Bushfire and virus to blame for Bega’s reduced pokies spend 

by Ethan Anderson Last Updated
Bushfire and virus to blame for Bega?s reduced pokies spend 

The expenditure on pokies in the Bega Valley has brought in $7.7 million, but this is millions less than the previous six months.

Bega District News reports the first part of this year was where the region saw the impacts of bushfires and the coronavirus restrictions, with the $7.7 million figure a huge drop compared to the second half of 2019, which saw net profits of $12.4 million.

The figures, from Liquor and Gaming NSW, are released as part of the latest data on gaming machines from across the state.

Data for hotels was collected from January 1 to June 30 and from December 1 to May 31 for clubs.

When it came to net profits, the Bega Valley’s clubs made about $6.3 million from pokies while hotels brought in about $1.4 million.

It is a clear decrease from the previous six months, when Bega Valley’s clubs made about $10.3 million from pokies while hotels brought in about $2.1 million with a combined government tax of $1.8 million.

The most recent data states across the region, 11 clubs have 551 gaming machines, while nine hotels have 87, equalling 638 machines in total.

This is similar to the previous six months, when 12 clubs had 550 machines and 10 hotels had 89, totalling 639 machines.

In a statement, Liquor and Gaming noted its latest figures showed “significant decreases in gaming machine profits” across the state, which had coincided with COVID-19 restrictions including a 10-week closure of all gaming venues from March to May.

The figures showed there was a total net profit decrease of 40.6 per cent, when compared to the previous six month period.

“Because of the impacts of the COVID restrictions, the NSW government allowed for a deferral of tax payments in the last instalment period,” Liquor and Gaming stated.

In an August media release, the Alliance for Gambling Reform’s chief advocate, the Reverend Tim Costello, said Australians lost $25 billion gambling last year, the highest rate of losses per head in the entire world.

“We can come out of this COVID-19 crisis with a real positive if we can significantly reduce gambling harm,” he said.

“That will not only save families and individuals from inordinate pain, including family violence, mental ill-health and homelessness, but it will provide billions of dollars to be spent in our economy at a time when we need it most.”

Pokies spend spikes despite COVID-19 restrictions

Hundreds of millions of dollars have been poured into poker machines as Australians have emerged from COVID-19 enforced lockdowns.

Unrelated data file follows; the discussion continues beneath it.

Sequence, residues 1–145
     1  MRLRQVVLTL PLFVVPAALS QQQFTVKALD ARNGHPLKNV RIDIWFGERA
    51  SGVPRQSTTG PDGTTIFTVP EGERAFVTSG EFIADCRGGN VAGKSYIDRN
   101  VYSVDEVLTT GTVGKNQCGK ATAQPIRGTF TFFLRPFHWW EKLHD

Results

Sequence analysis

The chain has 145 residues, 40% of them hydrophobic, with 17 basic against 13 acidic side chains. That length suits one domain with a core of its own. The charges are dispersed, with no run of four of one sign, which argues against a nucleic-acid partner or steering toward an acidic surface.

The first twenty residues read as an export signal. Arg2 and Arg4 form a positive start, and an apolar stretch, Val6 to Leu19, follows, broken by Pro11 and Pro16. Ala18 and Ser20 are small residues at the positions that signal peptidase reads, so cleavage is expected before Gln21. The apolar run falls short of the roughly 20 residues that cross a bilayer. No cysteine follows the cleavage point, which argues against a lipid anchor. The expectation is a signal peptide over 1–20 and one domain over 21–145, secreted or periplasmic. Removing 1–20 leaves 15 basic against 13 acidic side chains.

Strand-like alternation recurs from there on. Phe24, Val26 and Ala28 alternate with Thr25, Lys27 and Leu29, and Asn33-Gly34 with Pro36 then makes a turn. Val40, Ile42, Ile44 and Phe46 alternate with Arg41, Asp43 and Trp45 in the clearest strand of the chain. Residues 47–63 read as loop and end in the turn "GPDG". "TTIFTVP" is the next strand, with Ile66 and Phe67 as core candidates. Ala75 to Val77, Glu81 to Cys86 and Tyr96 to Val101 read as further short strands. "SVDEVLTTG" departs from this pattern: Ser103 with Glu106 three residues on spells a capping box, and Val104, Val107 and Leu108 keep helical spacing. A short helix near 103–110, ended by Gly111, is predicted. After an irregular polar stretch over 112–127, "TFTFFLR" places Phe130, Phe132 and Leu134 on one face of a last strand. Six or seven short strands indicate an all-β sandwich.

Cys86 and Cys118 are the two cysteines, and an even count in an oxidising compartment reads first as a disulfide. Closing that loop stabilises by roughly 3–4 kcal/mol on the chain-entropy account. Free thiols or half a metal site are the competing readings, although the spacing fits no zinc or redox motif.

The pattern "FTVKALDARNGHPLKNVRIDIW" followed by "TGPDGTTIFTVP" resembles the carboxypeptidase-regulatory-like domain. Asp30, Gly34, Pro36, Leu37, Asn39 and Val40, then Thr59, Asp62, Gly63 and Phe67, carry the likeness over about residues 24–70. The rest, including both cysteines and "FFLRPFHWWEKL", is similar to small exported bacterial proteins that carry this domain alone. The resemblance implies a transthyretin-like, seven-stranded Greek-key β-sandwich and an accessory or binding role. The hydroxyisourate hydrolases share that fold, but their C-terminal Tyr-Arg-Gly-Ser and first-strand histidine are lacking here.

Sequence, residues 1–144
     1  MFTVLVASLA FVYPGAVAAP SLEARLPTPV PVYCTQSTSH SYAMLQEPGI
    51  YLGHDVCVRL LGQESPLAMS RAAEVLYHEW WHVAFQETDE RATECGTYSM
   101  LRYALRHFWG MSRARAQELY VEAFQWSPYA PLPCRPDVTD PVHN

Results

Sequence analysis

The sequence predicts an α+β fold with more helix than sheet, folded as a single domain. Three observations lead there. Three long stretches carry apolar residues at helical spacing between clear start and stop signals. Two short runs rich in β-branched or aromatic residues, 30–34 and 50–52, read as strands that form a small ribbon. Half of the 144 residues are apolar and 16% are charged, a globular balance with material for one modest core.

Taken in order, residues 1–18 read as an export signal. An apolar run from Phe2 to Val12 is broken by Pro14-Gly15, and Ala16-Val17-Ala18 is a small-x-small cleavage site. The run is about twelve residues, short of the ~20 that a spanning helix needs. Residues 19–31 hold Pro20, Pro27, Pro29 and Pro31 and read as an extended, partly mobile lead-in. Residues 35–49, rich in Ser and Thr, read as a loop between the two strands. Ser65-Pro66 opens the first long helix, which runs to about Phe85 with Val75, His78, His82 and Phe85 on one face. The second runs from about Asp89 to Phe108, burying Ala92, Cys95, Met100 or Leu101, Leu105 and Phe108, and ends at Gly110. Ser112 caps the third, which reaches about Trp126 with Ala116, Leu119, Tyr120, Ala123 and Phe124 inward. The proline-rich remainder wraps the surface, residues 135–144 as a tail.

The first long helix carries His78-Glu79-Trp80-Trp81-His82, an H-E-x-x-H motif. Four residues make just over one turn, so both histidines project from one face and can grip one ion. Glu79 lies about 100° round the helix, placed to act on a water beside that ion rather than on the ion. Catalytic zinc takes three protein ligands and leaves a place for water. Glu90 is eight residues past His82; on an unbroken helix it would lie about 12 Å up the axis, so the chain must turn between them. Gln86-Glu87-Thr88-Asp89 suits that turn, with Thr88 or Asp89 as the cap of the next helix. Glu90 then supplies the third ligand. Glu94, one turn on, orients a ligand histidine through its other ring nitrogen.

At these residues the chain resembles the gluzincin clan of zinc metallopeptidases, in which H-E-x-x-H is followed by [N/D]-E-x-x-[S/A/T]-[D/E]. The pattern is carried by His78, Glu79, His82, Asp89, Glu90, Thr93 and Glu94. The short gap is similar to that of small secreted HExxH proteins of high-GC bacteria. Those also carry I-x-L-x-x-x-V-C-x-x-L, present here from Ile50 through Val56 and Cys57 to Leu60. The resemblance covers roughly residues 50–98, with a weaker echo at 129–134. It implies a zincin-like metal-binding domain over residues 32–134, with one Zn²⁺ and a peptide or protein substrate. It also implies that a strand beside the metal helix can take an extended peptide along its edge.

News.com.au reported in September that pubs and clubs across Queensland raked in almost $300 million July alone, despite social distancing restrictions drastically reducing the number of patrons allowed inside at one time.

It was the Sunshine State’s biggest monthly spend on gaming machines in the past three years and came as soon as the state government eased coronavirus measures.

Punters in New South Wales also spent big when they emerged from lockdown, losing more than $571 million in June, up more than $40 million on the same period last year.

Tasmania’s 520,000 residents expended a whopping $19 million on pokies per capita in July, $5 million more than was offloaded in February and equating to more than $612,000 a day.

Gamblers in South Australia drained their wallets of more than $73 million in the same month, compared to $62 million in 2019.

Victoria remains in lockdown, but its more than six million people spent $235 million on poker machines in July 2019.

Gaming machines are only permitted in casinos in Western Australia.

Alliance for Gambling Reform advocate Anna Bardsley said the figures highlighted a concerning upward trend.

“The money that wasn’t lost in those few months when lockdown was on instead went to small businesses, it went to supermarkets, it went to putting food on the table,” she said.

Ms Bardsley said while lockdown has helped some people break the cycle of addiction, it wasn’t enough for most.

“I know from my own experience it took longer than a few months to rewire my brain.” She said.

“I will literally not give poker machines another dollar, but the recovery has been long and hard.”

A Queensland Office of Liquor and Gaming Regulation spokeswoman said it worked with industry and gaming help services in the lead-up to pubs and clubs reopening, to ensure those at heightened risk had support.

“This included the option for patrons who may want to continue their break from in-venue gambling to exclude from a venue, or multiple venues, through a gambling help service, without physically attending a venue,” she said.

However, OLGR confirmed the amount of money put through poker machines was 32 per cent higher than the same time last year.

OLGR continues to monitor these figures closely while engaging with industry and gambling help services to monitor any potential increase in gaming-related harm, to ensure suitable support options are available,” the spokeswoman said.

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